Watch the diy table topper video first and then follow the written step by step instructions below.
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Folded flower table topper VIDEO TUTORIAL
STEP 1: Download the flower centerpiece pattern
Get the free downloadable table topper pattern above and print at 100% (no scaling). The seam allowance is 1/4″ (6mm) and is already included.
Finished size: 30 x 30 cm (12 x 12″)
You can certainly enlarge the circles to make a bigger flower. The finished size will be double the size of a circle (seam allowance excluded)
TIP: If you don’t have a printer at your disposal, you can make your own template simply by marking a circle with a 6-inch (15 cm) diameter on a piece of paper and adding a seam allowance.
STEP 2: Cut out the fabric
Cut 7 circles of plain fabric and 7 circles of out of the printed fabric according to the pattern.
STEP 3: Pin the circles in pairs
Take one piece of plain fabric and one piece of printed fabric. Place right side to right side and pin to hold in place.
Repeat for all pieces.
Step 4: Trim the SA
Trim the seam allowance of the pattern (cut along the dashed line)
Step 5: Draw stitch line
Using a fabric pen mark all the circles on the wrong side, drawing around the 6-inch (15 cm) pattern circle so you know where to stitch the seam allowance. It is important to draw the circle in order to follow the lines and get a neat circle rather than guesstimating the seam allowance.
Step 6: Sew
Stitch right around the edge, leaving a 1-inch (2.5 cm) gap. Back tack at start and finish. Repeat until you have 7 sets of plain and printed fabric sewn together.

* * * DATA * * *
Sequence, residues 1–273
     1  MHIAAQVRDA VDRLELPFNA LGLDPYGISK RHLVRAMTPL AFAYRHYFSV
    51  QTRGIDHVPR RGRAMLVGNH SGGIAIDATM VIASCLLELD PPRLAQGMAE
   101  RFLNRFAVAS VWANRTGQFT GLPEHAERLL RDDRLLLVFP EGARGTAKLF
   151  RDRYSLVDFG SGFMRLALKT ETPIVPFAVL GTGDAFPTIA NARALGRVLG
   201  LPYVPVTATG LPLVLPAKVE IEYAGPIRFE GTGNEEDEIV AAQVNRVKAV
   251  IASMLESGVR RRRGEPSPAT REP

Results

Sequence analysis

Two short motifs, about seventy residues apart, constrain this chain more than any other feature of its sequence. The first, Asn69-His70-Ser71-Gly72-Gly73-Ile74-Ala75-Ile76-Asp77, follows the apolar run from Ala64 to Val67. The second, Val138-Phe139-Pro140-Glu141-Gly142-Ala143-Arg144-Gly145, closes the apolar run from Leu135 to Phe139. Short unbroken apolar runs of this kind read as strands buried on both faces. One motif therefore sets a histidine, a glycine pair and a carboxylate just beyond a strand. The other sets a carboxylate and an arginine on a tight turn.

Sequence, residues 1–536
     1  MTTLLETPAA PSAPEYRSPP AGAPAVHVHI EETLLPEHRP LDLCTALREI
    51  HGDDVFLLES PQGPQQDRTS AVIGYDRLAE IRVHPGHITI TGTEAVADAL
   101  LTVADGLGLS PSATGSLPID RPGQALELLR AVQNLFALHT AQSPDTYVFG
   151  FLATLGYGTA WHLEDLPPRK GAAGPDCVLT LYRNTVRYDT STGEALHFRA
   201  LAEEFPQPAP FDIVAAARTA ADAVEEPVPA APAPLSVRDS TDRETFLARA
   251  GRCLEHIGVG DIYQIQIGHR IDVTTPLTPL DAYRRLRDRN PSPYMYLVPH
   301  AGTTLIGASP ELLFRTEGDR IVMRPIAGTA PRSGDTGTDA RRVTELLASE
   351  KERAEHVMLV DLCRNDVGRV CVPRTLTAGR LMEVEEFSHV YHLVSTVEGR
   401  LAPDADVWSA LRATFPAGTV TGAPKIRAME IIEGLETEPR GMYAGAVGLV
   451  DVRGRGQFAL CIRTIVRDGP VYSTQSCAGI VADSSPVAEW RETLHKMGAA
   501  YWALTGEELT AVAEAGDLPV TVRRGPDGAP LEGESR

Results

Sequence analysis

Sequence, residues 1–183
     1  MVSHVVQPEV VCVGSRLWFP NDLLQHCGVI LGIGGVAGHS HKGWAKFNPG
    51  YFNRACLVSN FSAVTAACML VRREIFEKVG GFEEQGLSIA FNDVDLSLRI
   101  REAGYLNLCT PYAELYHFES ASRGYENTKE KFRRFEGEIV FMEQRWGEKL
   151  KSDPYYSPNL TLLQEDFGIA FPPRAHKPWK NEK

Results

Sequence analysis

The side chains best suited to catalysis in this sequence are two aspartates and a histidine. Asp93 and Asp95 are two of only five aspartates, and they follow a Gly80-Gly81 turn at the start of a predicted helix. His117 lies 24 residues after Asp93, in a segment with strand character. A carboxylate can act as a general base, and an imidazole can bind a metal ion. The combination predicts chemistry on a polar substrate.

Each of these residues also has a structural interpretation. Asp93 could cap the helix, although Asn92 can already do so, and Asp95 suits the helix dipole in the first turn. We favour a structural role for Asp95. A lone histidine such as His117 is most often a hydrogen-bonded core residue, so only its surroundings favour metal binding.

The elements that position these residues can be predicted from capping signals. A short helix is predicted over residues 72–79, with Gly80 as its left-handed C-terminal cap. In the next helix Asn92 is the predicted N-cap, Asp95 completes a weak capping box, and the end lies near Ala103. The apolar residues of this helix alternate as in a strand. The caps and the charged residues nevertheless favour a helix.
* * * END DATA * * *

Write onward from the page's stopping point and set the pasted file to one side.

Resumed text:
Step 7: Clip the SA
Clip the seam allowance every 3/8″ (1cm) leaving the original seam allowance intact around the gap you left in each one.
Step 8: Turn around
Turn the circles by pulling the fabric through the gap. Use a knitting needle to gently push out the seams so they lie flat.
Step 9: Stitch the gap
Turn the raw edges of the seam allowance inside the circles, ensure the edge is smooth and following the shape of the circle, then hand stitch closed using a slip stitch so the stitching isn’t visible.
TIP: If you are lazy like me, you can machine stitch the gap, making sure to use matching thread for each side of the circles.
Step 10: Press
Press all 7 circles flat.
Step 11: Cut the template
To create the pattern for the fold take the paper pattern you used to cut the circles and fold it in half then cut so you have two semi-circles.
Step 12: Prepare the pattern
Put the one semi-circle aside and working with one semi-circle place it with the straight side closest to you on the worktop. Fold down the curved part across the second fold line on the pattern (the line you just drew if making your own pattern). It will extend beyond the straight part of the semi-circle, but that is ok.